Themes in fibrosis and gastrointestinal inflammation

1Cleveland Clinic Foundation.
AJP Gastrointestinal and Liver Physiology (Impact Factor: 3.74). 03/2011; 300(5):G677-83. DOI: 10.1152/ajpgi.00104.2011
Source: PubMed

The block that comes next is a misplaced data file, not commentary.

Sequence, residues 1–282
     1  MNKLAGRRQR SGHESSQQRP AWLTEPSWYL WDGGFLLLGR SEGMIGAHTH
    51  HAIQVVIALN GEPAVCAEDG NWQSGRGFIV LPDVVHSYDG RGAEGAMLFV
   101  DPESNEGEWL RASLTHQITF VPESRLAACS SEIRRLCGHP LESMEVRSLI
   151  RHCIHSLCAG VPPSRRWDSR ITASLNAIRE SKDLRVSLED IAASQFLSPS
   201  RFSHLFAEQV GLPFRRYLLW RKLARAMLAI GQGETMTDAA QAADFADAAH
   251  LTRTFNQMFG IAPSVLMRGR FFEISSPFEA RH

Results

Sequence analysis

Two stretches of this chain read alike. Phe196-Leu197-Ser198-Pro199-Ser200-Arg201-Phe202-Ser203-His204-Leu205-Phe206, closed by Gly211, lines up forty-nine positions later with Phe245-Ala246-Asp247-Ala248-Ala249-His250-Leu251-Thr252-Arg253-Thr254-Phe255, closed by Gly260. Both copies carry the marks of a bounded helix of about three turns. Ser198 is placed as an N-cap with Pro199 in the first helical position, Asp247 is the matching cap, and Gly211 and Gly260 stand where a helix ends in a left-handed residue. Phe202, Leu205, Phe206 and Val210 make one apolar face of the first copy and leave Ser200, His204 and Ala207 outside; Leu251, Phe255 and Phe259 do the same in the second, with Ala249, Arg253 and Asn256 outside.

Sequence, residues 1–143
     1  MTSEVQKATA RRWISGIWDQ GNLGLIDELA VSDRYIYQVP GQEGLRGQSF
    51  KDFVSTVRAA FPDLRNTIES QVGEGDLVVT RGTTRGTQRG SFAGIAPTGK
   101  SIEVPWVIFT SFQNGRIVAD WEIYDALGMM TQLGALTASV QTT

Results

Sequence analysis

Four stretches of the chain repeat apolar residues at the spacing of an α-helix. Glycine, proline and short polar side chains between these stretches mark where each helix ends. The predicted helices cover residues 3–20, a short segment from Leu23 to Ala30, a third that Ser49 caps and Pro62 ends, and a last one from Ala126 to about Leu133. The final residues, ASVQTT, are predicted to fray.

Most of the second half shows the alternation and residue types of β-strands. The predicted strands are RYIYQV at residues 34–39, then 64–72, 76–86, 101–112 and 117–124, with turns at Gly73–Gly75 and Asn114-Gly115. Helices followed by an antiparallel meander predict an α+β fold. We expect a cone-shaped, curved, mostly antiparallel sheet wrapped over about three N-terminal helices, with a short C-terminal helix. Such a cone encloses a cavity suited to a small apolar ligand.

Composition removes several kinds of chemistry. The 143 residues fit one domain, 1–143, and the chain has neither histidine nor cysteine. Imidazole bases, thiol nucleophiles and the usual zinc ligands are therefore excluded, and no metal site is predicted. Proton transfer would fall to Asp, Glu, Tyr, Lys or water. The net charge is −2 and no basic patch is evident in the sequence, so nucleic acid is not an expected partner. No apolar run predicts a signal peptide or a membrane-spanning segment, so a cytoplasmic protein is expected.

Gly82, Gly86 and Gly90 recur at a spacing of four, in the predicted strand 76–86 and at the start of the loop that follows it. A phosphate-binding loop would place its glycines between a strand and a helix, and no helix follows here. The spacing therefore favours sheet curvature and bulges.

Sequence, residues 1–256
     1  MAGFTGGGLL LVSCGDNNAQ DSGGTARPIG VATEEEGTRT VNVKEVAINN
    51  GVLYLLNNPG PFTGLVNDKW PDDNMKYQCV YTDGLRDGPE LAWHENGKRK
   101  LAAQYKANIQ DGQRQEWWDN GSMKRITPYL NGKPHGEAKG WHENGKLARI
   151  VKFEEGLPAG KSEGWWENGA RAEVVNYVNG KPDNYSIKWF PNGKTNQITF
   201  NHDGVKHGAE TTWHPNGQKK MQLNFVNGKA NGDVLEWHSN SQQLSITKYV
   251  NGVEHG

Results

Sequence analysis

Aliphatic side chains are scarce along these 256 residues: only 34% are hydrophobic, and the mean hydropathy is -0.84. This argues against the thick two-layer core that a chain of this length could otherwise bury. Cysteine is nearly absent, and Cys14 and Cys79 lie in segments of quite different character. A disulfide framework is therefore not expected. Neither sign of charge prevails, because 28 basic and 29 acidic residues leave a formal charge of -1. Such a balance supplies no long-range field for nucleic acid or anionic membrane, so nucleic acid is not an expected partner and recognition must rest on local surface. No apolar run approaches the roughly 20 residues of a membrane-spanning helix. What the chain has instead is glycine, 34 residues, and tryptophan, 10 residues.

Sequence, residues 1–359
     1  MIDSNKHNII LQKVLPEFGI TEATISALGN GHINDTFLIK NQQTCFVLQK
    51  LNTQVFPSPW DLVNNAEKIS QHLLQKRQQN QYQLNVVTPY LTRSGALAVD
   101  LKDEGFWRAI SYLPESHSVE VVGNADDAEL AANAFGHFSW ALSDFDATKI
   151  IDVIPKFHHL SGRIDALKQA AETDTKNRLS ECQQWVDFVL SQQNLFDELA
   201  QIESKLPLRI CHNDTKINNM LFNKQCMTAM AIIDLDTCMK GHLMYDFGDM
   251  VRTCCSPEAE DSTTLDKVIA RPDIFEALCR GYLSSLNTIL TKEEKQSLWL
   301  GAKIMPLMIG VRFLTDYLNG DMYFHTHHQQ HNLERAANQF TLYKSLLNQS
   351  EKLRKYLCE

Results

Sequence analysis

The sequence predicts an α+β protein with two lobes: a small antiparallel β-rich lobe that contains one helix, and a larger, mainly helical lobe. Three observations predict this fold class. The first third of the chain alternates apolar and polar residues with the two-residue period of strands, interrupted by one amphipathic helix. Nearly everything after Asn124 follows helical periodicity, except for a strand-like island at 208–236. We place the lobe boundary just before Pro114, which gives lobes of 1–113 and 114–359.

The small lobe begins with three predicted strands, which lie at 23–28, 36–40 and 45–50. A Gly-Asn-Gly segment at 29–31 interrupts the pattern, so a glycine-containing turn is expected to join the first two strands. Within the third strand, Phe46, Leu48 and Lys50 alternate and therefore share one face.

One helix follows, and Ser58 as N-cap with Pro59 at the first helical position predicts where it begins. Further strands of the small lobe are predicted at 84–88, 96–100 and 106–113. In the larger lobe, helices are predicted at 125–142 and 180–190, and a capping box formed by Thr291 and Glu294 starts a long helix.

ABSTRACT Wound healing is an appropriate response to inflammation and tissue injury in the gastrointestinal tract. If wound healing responses are excessive, perpetuated, or prolonged, they lead to fibrosis, distortion of tissue architecture, and loss of function. This introductory editorial and the minireviews or reviews in this themes series highlight the diversity in severity and location of fibrosis in response to gastrointestinal inflammation. The multiplicity of cellular and molecular mediators and new players, including stem cells or extracellular matrix-producing cells derived from nonmesenchymal cell types, is reviewed. Comparisons of inflammation-induced fibrosis across organ systems and the need for integrated and systems-based molecular approaches, new imaging modalities, well-characterized animal models, cell culture models, and improved diagnostic or predictive markers are reviewed. To date, intestinal fibrosis has received much less attention than inflammation in terms of defining mechanisms and underlying causes. This themes series aims to illustrate the importance of research in this area in gastrointestinal health and disease.

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